Josh Clark – Designing Tapworthy Mobile Apps

Sean Carmichael

April 21st, 2011

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“Thinking mobile” goes beyond scaling down an existing app to fit a smaller screen or making decisions about what content to include. The ability of an app to delight its users is largely dependent on the context in which it is being used. Because the app can be used anywhere by nature and the interface is manipulated with thumbs and fingers, there are much more than just aesthetics to consider.

Josh Clark is a designer and author of the book Tapworthy. In his Virtual Seminar, Mobile Design: Designing Tapworthy Mobile Apps, Josh suggests that designing for mobile is becoming more a question of ergonomics and industrial design. Our audience had so many questions that Josh couldn’t answer them all during the session. So, he met with Adam Churchill to discuss those remaining questions for this podcast.

Here’s an excerpt from the podcast.

“…you really are doing kind of an exercise in industrial design. All these touch-screen devices, they really are blank before you turn them on, before you fire up an app.

So what that means is that it’s really waiting for you to impose an interface on it. And because it’s a physical device, something that’s meant to be worked with hands and fingers, your interface becomes physical, too. So you have to think about where do your fingers and thumbs fall naturally?

And it also means kind of following industrial design precepts. It actually turns a lot of our preconceptions about what design should be for the web or for software in general, literally upside down. We’re used to having primary controls and navigation at the top of the screen where it’s sort of most visually prominent.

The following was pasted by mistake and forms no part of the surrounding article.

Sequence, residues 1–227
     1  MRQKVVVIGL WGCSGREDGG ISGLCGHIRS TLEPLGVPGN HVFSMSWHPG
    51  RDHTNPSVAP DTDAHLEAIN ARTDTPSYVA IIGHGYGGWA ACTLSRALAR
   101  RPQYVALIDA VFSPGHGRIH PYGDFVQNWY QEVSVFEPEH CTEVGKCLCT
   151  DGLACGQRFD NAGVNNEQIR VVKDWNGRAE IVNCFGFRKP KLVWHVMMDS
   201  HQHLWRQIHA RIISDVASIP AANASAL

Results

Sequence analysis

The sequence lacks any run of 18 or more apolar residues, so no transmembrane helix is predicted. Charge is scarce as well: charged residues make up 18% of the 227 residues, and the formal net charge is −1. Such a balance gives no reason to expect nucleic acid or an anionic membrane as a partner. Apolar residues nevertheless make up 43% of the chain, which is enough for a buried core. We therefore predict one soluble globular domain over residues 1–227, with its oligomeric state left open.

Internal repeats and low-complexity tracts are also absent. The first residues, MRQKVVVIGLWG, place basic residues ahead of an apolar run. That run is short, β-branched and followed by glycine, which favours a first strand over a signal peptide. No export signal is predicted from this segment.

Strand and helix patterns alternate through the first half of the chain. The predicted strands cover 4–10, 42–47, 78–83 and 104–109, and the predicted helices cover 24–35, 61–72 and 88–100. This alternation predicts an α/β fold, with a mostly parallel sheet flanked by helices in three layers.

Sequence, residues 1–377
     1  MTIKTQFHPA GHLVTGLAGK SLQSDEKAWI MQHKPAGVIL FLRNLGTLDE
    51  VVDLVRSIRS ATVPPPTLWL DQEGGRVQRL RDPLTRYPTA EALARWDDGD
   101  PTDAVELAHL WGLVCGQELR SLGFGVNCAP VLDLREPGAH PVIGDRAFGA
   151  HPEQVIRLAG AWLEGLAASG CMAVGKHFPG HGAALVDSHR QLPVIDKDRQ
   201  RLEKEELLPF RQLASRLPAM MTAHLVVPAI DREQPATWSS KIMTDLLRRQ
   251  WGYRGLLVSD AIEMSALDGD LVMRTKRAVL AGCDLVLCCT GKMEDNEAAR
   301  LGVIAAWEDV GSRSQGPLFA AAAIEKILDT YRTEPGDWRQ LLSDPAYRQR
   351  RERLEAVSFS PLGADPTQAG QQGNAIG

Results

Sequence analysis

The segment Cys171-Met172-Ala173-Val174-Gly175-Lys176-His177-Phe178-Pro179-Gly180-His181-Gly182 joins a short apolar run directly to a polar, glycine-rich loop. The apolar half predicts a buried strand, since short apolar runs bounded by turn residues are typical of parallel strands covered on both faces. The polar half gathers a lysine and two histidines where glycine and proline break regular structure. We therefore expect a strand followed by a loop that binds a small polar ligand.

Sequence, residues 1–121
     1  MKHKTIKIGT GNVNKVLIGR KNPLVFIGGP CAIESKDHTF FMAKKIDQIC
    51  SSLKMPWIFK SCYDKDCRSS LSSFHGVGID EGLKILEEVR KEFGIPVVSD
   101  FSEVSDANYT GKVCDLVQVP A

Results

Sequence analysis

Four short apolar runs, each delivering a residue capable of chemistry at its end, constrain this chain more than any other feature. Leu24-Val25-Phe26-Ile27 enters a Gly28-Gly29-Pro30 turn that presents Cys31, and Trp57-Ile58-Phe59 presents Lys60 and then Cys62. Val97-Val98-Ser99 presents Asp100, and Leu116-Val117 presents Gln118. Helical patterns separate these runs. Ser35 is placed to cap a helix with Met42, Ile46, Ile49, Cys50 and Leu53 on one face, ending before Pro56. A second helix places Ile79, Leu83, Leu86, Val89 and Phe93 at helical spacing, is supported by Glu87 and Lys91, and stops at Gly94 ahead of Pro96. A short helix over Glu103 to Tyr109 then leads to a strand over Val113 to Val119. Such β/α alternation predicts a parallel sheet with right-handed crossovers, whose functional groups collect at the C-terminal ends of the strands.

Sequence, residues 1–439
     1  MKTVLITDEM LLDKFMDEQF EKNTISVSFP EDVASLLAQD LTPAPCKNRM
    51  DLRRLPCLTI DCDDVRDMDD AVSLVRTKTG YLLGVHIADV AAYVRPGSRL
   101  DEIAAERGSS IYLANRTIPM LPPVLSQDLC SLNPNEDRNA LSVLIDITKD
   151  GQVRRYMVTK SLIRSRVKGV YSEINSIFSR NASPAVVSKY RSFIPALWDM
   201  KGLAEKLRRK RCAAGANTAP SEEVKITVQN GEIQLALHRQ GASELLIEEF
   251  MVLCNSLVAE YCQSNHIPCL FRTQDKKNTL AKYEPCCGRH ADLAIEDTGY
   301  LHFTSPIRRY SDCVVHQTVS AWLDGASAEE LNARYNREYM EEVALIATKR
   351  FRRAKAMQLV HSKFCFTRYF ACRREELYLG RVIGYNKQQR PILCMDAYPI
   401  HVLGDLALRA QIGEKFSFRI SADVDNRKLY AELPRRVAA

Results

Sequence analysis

It turns out in mobile that the best place to put it ergonomically is at the bottom. If you’re holding the phone in one hand, as we typically are, that means that you’re basically using just your thumb to tap through this. And sort of the comfortable area for the thumb is on the opposite side of the screen and at the bottom. So if you’re holding it in your right hand that means that the most comfortable area to tap is the left side and left corner of the screen, which means [the bottom] is a great place to put primary controls.

And this, like I said, follows sort of a basic principle of industrial design, that you always want to put controls at the bottom and display at the top, for the simple reason that you don’t want your fingers covering the content.

It really means that the primary area for controls and sort of the main buttons are at the bottom of the screen instead of at the top. And that’s, I think, one of the big takeaways. While it’s common sense, it doesn’t necessarily hit people while they’re working on their designs, usually in a desktop setting…”

Tune in to the podcast to hear Josh cover these additional points:

  • Should mobile websites actually feature different content from their big screen counterparts?
  • What’s your opinion on native iPhone applications versus web applications?
  • What do you think of using web technologies like HTML and JavaScript, as examples, for cross platform native apps?
  • How does the difference in the sizes of Android devices affect the optimal function?
  • What do I need to consider for left handed users?
  • What differences are there when it comes to designing for tablets?
  • What impact does loading performance have on an app user experience?

Recorded: April, 2011
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2 Responses to “Josh Clark – Designing Tapworthy Mobile Apps”

  1. Mobile doesn’t mean limited | Tufuga Media Says:

    [...] is dashing from the airport to his taxi and needs to find the location of the hotel…”.  As Josh Clark mentioned in the UIE Podcast these on-the-go use cases are fun to build towards, but are a terribly incomplete picture. While [...]

  2. Mobile Design: Content and the Great Web-based vs. Native Debate | Wood Street News & Blog Says:

    [...] This article is an excerpt from an interview that Adam Churchill had with Josh Clark. You can hear the full interview on their podcast or read their [...]

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